Eve Wood

Cole Hersey

About two weeks after Lisa left to check in on her father, I remember waking up and thinking that the light outside was so clear and beautiful. I thought maybe I would go to the beach after work. I opened my front door and went out to drink my coffee. It was icy outside. I tried to remember what month it was, but for some reason I couldn’t remember. I kept thinking it was July. Later I checked and saw it was November. The ice made sense then. But I stayed out there and had my coffee anyway, somewhat confused. I had my jacket on. And it wasn’t that cold. As I sat there, looking at the cars and my neighbors who never spoke, walking back and forth, I had this feeling that today was going to be a good day. Or not good, just different. I felt almost happy. But I didn’t know why. I just knew that it was a special sort of day. Or that I was going to make it that way with no will of my own. There was a cold snap in the middle of July, I thought. That might be cause to celebrate. 

I went to work. Nothing special. I found out it was November. I came home tired. Nothing new. Lisa called, like she normally did, right around sunset when her mother would walk to her room, “Like a fucking ghost,” Lisa once said.

The first thing Lisa told me was, “Chaos, Jack. Chaos.”

I told her I was sorry she was stuck with them. But we’d get through it. That I’d help her figure something out. She asked if I was okay. I said I was fine. She hung up. As she said goodbye, I heard her father, probably in the same room or another, I don’t know which, yelling, “Who the fuck are you woman!” That wasn’t the same kind-hearted man I’d met a few years ago. Or maybe it was. It’s hard to tell.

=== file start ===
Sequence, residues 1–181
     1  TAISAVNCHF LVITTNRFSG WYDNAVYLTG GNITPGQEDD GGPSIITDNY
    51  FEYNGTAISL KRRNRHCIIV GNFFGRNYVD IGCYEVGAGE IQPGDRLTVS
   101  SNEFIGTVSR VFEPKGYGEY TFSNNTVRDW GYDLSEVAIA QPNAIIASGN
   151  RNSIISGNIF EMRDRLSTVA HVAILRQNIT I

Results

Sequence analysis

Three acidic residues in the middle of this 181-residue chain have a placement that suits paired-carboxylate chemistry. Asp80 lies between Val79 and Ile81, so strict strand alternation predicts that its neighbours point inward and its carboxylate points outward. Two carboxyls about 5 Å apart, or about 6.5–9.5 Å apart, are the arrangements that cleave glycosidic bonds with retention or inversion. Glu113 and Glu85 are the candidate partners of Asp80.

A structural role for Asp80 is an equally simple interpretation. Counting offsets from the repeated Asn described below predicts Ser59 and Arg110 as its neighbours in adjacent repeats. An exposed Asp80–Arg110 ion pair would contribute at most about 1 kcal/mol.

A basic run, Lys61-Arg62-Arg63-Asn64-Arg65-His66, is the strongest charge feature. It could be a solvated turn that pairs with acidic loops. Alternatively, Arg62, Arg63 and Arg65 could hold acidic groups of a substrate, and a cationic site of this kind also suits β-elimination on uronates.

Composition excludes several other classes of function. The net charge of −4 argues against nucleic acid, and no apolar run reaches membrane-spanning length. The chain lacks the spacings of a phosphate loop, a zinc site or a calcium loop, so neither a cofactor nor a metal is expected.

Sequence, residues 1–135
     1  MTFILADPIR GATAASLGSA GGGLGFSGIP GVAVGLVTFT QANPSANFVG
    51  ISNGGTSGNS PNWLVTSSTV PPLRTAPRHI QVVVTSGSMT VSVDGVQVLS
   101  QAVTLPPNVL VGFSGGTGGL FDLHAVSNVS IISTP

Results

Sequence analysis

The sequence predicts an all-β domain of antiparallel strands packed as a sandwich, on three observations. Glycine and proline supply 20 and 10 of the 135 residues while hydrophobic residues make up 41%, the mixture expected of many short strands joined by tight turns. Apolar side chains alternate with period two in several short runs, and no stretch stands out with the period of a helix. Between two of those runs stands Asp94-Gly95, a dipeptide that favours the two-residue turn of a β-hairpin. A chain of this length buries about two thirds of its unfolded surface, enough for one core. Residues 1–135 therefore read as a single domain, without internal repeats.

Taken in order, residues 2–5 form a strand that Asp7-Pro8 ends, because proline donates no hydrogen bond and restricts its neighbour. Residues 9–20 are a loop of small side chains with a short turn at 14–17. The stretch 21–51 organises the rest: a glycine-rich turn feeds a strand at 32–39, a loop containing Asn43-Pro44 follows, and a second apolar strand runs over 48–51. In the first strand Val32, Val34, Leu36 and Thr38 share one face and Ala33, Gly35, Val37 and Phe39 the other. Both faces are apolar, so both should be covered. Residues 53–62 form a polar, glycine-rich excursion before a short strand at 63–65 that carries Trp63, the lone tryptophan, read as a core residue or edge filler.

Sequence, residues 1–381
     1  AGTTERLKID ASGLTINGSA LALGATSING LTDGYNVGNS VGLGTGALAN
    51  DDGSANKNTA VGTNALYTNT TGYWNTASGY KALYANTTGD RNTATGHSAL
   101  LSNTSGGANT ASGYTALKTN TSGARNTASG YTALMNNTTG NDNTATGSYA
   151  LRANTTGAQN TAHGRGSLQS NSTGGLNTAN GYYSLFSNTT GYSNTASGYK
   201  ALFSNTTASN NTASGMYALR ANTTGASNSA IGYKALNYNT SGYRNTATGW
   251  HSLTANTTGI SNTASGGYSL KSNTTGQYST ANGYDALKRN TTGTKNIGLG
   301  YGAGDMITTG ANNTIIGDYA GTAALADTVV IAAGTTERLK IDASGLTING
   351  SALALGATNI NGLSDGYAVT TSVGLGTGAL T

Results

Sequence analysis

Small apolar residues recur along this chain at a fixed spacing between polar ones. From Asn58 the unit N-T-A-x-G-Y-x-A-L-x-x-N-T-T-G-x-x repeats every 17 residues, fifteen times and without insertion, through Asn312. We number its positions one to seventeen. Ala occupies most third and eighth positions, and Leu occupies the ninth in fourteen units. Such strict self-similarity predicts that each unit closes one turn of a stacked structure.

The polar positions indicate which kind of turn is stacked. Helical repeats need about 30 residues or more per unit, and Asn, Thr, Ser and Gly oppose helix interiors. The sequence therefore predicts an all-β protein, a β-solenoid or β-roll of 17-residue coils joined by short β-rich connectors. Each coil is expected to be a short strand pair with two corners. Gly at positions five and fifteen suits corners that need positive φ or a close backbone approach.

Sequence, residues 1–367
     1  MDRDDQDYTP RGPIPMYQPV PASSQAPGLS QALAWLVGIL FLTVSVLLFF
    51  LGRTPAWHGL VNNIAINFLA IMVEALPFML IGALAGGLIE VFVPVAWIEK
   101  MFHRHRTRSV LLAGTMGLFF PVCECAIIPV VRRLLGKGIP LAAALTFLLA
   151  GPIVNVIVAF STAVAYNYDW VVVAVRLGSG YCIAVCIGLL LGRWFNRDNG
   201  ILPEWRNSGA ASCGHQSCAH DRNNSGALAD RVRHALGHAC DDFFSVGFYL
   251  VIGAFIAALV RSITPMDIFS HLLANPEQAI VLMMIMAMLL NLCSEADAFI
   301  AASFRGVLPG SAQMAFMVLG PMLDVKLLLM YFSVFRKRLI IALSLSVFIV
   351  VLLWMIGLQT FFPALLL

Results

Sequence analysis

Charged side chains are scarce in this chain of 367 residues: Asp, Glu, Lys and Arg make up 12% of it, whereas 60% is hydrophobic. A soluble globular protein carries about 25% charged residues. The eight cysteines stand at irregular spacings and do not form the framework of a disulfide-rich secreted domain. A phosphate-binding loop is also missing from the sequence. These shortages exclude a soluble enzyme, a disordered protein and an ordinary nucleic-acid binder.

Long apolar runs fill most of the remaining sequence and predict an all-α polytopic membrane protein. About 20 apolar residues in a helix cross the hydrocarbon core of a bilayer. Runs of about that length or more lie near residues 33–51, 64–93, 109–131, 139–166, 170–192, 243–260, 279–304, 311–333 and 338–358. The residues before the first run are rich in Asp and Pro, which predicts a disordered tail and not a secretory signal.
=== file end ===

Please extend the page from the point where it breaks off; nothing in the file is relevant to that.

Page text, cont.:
Then I thought about that feeling I had in the morning. It was gone. I knew now it was November. Lisa was south of me. I was alone in the house. It was quiet and I hadn’t yet turned on the lights. I don’t know why. And then I thought that might’ve been it. That might have been the moment—hearing that good man not be so good, that might’ve been the special thing. But I’m not sure.

I looked outside. The sun was set. We can see stars in our neighborhood. But it was getting cloudy. I went out onto the porch again. I didn’t want to do anything except sit and draw a blank in my head. I sat. And this time it was warm outside. I mean, really warm. The sky was covered in clouds. I couldn’t see the stars. I couldn’t smell the coming of snow. It was warm. I took off my jacket. And the stars couldn’t be seen. I heard rain begin to fall. The sound of it on the trees is nice. I guess I’ve always been an old man. I actually thought that at that moment. I kept thinking it. I couldn’t draw a blank. It was an odd pleasure though, accepting that thought as though it were true.



When we got to the park the sky was so bright, I thought that it wasn’t there. You were so happy. But that’s when I realized that, no, it only looked like the sky disappeared. And it wasn’t a premonition. It was just a bright day, and the clouds were thin, covering all the blue. 

I had no idea she did that…Yeah…She was…I’d like to see it…

After that we walked into town and got some pizza slices. I looked outside the window of the pizza shop. You started laughing. You were looking at pigeons across the street in the grass. It looked like there was a breeze. The light shifted in the grass. But it wasn’t the light shifting. It was the grass itself. I forget that sort of thing pretty often. And then I saw the pigeons with their puffed chests. Madam, you said to me, laughing.

No, not that time…Yeah, it was at that pond and we made a fire and we brought a thirty rack…I think it was right after we moved away…And there was that super tall tree next to us…